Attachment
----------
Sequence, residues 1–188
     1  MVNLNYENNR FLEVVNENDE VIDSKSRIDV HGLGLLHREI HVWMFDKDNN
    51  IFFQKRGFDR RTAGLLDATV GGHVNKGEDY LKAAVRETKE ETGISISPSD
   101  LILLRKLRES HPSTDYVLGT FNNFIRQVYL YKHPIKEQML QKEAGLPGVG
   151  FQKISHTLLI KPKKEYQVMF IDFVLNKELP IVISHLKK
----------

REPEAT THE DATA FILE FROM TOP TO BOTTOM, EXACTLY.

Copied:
Sequence, residues 1–188
     1  MVNLNYENNR FLEVVNENDE VIDSKSRIDV HGLGLLHREI HVWMFDKDNN
    51  IFFQKRGFDR RTAGLLDATV GGHVNKGEDY LKAAVRETKE ETGISISPSD
   101  LILLRKLRES HPSTDYVLGT FNNFIRQVYL YKHPIKEQML QKEAGLPGVG
   151  FQKISHTLLI KPKKEYQVMF IDFVLNKELP IVISHLKK